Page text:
Can you propagate cypress and thuja on your own with a bit of DIY magic? Absolutely! Expert tips make the process surprisingly straightforward.


Nursery experts, well-versed in the art of plant propagation, generously share step-by-step guidance on multiplying plants through a fun and natural approach. While propagating cypress and thuja demands a modicum of green expertise, it’s a achievable goal with the right knowledge. Let’s dive into the wisdom of seasoned gardeners.

Cypress and thuja, those charming green shrubs often adorning gardens, are ideal for creating elegant and refined hedges. These evergreen beauties can reach towering heights of up to 60 meters, showcasing an intense and unhurried vertical growth. Historically, American Indians utilized these plants for constructing canoes, houses, and totems, praising their resistance and lightweight nature.

Cultivating cypress and thuja thrives best in fertile soil with good moisture retention and limestone content. While water stagnation poses a threat, well-drained soil enriched with pumice or sand serves these plants well.

Now, let’s demystify the process of propagating cypress and thuja.

Propagation commonly occurs through seeds or by opting for the vegetative approach. Gardening aficionados favor the latter, especially through cuttings during the spring season. This method not only accelerates the sprouting process compared to seeds but also preserves the essential traits of the parent plant.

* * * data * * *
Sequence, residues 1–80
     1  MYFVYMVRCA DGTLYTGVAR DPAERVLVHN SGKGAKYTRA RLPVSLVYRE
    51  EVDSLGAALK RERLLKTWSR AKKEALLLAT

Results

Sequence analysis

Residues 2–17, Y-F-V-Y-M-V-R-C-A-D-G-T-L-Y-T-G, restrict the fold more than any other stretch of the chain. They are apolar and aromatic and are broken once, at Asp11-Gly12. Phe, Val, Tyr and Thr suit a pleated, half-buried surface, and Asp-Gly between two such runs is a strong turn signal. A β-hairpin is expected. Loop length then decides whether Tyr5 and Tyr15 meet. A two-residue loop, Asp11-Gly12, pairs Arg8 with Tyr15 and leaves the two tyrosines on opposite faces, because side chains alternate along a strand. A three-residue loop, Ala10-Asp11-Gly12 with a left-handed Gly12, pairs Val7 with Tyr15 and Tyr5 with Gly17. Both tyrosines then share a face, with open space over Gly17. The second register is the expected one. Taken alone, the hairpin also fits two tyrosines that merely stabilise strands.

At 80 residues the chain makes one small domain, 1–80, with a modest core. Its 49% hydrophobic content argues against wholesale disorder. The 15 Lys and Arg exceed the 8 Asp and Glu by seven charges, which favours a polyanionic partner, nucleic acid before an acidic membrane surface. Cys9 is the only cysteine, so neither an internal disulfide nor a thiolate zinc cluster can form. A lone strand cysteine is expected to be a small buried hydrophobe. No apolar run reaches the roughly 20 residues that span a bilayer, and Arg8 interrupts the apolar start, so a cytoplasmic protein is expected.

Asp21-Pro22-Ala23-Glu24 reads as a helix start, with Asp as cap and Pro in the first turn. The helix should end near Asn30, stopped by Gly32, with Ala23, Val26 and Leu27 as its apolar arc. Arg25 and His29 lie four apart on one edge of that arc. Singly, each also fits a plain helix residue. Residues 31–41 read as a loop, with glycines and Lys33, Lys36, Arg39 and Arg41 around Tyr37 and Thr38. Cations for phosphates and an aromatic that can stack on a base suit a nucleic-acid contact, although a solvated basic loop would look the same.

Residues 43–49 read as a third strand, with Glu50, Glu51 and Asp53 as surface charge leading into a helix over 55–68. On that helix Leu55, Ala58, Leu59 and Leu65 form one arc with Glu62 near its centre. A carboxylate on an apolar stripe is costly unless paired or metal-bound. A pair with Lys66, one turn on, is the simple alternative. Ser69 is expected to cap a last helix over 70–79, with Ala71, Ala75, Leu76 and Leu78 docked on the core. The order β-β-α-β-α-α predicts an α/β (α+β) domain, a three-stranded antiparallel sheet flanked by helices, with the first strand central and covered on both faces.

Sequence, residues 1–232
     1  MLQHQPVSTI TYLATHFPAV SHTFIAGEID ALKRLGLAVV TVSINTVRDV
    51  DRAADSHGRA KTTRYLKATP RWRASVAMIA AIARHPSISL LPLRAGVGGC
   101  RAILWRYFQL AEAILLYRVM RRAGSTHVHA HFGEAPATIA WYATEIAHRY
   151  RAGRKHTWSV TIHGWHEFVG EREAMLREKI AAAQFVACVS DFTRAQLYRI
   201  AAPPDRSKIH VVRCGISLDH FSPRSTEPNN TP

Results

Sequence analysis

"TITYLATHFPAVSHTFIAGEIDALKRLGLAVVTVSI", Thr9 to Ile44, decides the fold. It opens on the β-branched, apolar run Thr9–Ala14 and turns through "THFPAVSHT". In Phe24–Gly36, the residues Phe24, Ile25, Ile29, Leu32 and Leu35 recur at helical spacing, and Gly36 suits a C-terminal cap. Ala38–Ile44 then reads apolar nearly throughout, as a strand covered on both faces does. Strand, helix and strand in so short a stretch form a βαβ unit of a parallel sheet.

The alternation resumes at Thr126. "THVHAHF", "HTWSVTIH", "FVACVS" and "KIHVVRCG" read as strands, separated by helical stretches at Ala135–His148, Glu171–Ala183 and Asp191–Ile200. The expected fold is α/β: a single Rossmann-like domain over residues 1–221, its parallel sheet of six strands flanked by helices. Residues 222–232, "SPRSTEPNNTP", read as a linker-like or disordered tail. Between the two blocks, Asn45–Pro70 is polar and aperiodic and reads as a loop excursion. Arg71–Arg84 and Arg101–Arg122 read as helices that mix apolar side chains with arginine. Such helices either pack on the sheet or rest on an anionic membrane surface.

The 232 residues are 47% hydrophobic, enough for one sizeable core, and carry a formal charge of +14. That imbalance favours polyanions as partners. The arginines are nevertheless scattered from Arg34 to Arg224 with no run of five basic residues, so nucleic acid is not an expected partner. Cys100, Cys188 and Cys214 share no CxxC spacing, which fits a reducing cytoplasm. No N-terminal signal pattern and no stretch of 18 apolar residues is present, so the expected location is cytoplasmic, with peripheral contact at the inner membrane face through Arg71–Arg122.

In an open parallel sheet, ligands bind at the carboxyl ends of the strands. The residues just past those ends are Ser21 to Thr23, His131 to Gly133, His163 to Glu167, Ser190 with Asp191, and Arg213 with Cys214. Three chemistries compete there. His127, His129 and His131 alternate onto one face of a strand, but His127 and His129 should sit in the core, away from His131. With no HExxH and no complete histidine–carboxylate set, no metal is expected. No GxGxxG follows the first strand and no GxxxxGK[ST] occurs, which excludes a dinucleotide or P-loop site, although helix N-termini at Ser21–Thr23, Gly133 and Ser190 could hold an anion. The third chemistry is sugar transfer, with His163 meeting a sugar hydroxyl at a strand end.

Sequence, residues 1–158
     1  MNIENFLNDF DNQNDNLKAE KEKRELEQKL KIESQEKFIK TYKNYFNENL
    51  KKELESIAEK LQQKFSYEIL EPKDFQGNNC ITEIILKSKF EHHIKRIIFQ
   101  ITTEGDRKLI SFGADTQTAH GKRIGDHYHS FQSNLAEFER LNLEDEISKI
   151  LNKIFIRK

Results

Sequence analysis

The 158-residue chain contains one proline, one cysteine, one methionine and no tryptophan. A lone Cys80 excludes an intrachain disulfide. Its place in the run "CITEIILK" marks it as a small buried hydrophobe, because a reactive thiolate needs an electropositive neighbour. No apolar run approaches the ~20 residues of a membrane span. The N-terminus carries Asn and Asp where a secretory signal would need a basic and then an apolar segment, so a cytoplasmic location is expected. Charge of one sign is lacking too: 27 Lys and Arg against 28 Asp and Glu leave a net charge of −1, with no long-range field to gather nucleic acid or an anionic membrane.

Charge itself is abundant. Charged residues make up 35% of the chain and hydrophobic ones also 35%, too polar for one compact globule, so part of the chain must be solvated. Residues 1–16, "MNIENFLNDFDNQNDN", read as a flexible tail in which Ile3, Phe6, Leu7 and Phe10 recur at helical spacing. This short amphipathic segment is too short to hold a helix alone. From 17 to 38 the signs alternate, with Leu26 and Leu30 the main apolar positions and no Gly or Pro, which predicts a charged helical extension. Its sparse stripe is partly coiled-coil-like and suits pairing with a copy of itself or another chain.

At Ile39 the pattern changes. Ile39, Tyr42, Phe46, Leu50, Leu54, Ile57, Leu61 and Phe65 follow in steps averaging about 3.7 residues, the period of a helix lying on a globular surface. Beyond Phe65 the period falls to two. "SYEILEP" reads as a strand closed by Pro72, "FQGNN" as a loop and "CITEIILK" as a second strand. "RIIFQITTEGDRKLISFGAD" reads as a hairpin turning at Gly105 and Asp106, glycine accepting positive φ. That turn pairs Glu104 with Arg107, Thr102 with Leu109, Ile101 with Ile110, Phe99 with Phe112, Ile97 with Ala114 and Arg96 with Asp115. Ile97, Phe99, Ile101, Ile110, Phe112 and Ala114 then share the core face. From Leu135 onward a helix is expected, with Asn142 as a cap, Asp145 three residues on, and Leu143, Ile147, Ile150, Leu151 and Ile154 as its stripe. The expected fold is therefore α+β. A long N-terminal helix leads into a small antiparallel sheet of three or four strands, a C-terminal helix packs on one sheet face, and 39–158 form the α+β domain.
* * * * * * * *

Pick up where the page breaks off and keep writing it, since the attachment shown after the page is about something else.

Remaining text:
Propagate thuja cypress

Seasoned gardeners often provide insights into DIY propagation through video tutorials, and while these resources are valuable, seeking advice from industry professionals ensures a smoother process devoid of errors.

For successful propagation, harvesting cuttings is recommended during spring, preferably from late March to April. As shrubs reawaken after winter, taking cuttings stimulates growth and fortifies the roots.

Cypress propagation

Select cuttings with buds around 12cm in length, with a diameter not exceeding 8mm. Opt for one-year-old shoots with natural branches available for use as cuttings. Place the cuttings in a water-filled container until roots develop, and then transfer them to the soil for further growth. Follow these tips from nursery experts:

  1. If the cutting is fresh, make an oblique cut.
  2. Remove the bark where the cut is positioned.
  3. Leave the sprouts, removing only the needles.